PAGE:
The New York Mets are a clean MRI and $140 million – give or take a park-view condo – from making half the city's baseball fans forget the last couple of weeks in September, which, really, is all you can ask from a pitcher.
Johan Santana cost them four prospects, none Mets fans will miss in the immediate future. In return, they get a left-hander who wins Cy Young Awards, doesn't believe in arm injuries, averaged almost 18 wins over the previous four seasons and doesn't turn 29 until March.
They get a pitcher who immediately becomes the best left-hander in their history (sorry, Kooz, El Sid, it's not even close), who'll go back-to-back opening days at Shea Stadium and Citi Field, who'll stand on a mound in late September and stop dead the most horrifying losing streak they'd ever worn.
Hell, he stopped it Tuesday afternoon, when word spread the Mets had awoken four months since their epic collapse, the one that could've taken their manager and general manager with it.
"I was so happy I proposed to my wife again," a friend of mine, Mose, a Mets fan from Brooklyn, shouted into the phone.
I had no idea what that meant. But he sounded pleased.
Basically, while the Yankees and Red Sox deferred, the Mets replaced Tom Glavine – he who gave it all up in game 162 – with Santana. They pushed Pedro Martinez to No. 2. They lined up an ace against John Smoltz, Jake Peavy, Brandon Webb, Cole Hamels, maybe even Josh Beckett.
They gained about six games in the standings in January. Of course, that's too late for September, but who's thinking about September today?
Ultimately, this could be the best outcome for the Yankees and Red Sox.
While the Yankees share a city and all the back pages with the Mets, they share a division with the Red Sox, a division (and a game) the Red Sox took back last season.
Yankees GM Brian Cashman did not want to swap out pitching prospects for another massive salary – no matter how talented the arm that came with it – but also could not have the Red Sox stack Santana on top of Josh Beckett, Daisuke Matsuzaka and Curt Schilling. So, with an eye on the Red Sox and an ear to Hank Steinbrenner's daily pronouncements of deadlines and rescinded deadlines, and mindful of his own thin-ish rotation, Cashman jumped, but with some restraint. He offered Phil Hughes and Melky Cabrera, but not Joba Chamberlain or Ian Kennedy. Eventually, he even withdrew Hughes.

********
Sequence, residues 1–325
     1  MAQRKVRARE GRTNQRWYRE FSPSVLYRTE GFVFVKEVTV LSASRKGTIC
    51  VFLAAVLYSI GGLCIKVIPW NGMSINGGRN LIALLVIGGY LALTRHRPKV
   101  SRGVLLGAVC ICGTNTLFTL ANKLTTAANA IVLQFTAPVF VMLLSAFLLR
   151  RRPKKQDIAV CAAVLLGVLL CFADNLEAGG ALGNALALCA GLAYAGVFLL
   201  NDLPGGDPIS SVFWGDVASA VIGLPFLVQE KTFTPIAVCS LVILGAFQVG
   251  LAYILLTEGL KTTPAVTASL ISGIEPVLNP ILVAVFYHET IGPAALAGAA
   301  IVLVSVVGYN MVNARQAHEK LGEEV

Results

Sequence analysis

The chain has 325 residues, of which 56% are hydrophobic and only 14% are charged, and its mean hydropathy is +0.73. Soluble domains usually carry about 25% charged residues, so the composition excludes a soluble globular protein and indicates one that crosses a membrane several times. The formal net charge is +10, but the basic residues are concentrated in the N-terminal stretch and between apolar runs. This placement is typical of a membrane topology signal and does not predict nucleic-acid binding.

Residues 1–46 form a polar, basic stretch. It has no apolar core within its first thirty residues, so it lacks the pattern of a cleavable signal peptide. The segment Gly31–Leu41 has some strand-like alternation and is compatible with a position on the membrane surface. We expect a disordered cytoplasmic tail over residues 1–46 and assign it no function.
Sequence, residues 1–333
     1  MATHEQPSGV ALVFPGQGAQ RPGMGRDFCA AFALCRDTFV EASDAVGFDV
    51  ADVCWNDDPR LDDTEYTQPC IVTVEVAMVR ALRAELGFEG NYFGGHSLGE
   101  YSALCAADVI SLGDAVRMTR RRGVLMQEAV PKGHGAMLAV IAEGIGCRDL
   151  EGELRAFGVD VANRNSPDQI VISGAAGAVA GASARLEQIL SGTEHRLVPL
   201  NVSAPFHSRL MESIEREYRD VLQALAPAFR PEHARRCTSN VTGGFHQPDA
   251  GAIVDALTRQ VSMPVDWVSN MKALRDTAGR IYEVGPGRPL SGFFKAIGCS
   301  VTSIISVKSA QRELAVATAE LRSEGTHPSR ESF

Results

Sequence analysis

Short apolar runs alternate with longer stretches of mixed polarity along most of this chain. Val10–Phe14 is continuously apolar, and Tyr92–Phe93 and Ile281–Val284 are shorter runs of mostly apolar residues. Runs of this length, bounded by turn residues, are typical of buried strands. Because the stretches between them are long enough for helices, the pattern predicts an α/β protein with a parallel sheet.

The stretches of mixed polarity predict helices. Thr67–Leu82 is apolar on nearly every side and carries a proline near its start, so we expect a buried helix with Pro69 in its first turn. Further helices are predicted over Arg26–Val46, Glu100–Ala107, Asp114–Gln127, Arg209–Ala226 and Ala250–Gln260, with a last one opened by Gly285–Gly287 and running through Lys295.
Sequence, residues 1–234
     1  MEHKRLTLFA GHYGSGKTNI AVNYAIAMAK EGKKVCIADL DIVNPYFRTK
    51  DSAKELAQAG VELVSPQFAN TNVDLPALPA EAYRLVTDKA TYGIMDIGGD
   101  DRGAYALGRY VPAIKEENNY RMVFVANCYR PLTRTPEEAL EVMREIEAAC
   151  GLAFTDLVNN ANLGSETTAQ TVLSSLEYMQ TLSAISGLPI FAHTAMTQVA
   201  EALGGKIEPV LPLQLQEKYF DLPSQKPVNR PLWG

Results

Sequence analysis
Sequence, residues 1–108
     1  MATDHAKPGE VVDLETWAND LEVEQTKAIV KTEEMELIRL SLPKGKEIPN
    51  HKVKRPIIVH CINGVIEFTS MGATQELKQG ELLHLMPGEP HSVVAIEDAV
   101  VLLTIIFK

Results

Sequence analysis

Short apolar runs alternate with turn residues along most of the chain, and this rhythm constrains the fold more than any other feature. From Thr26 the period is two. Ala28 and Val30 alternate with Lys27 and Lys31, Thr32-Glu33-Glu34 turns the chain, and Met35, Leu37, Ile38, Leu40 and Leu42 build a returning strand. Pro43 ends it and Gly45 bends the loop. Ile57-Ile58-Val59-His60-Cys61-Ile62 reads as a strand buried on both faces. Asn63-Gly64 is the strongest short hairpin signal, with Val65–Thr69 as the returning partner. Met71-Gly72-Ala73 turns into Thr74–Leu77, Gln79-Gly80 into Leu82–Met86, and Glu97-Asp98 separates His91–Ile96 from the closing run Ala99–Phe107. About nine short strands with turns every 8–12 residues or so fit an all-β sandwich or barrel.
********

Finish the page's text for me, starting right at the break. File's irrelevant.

Theo Epstein, as far back as the winter meetings, was said to be having serious reservations about becoming this generation's Yankees, too extravagant in players and payroll, a notion that arose in the aftermath of the Matsuzaka signing and gained momentum in the postseason. It was a rare day in October when the question was not posed, "So, are the Red Sox the new Evil Empire?" He would sigh. Epstein offered Jon Lester or Jacoby Ellsbury, but not both, in separate packages.
The climate, therefore, had changed. Where it once appeared he was conducting business in the perfect setting – Red Sox vs. Yankees, mediocre free-agent pitching, Yankees desperate to take back the East – Minnesota GM Bill Smith gradually found a less welcoming market. The early frenzy flattened. The Yankees and Red Sox composed themselves. Dan Haren, whose 2007 statistics rivaled Santana's and at a far more reasonable cost, was traded to the Arizona Diamondbacks, on and off the market before Smith could take a breath. Erik Bedard and Joe Blanton still were available. The Seattle Mariners, among the dark horses for Santana a month before, were chasing Bedard instead of Santana.
Meanwhile, Smith's backup plan – retain Santana until the trading deadline – was becoming less attractive. Even in a highly professional clubhouse run by Ron Gardenhire and to some degree by Santana himself, the daily trade questions and rumors and idle chatter would become a throbbing distraction. Already the Twins were patching a rotation damaged by the free-agent loss of Carlos Silva and the trade of Matt Garza, and a public reputation damaged by the flight of popular center fielder Torii Hunter.
With the Yankees and Red Sox no longer bidding against each other, Smith had the Mets, who had serious issues in their rotation and, perhaps, just enough prospects to get a deal done. The Mets had other incentive, as well. They just had blown that massive September lead in the NL East, were labeled underachievers and chokers, and would wear that for as long as it fit. Also, the Mets would open a new ballpark in 2009, and the closest thing they had to an ace – Martinez – was 36 years old, coming off shoulder surgery and on an expiring contract. His days of carrying a rotation probably were over.
Smith, a baseball lifer on the administrative side, replaced Terry Ryan in time for the offseason that would reshape the Twins, a model small-market franchise. And though model small-market franchises deserve a special place in baseball heaven, they don't sustain because they can't spend through their mistakes or hold their superstars. While Francisco Liriano was due back from Tommy John surgery, good news in the Twin Cities, it would be Smith who would make the decisions – or at least stand in front of the decisions – to acquire Delmon Young, let Hunter walk and accept the Mets' offer over what appeared to be at least equal offers from the Yankees and Red Sox.
The Mets did not ever consider moving Jose Reyes. They did not have to move outfielder Fernando Martinez. Instead, for outfielder Carlos Gomez and pitchers Phil Humber, Kevin Mulvey and Deolis Guerra, they get Santana. And, if they'd like, they get to forget September.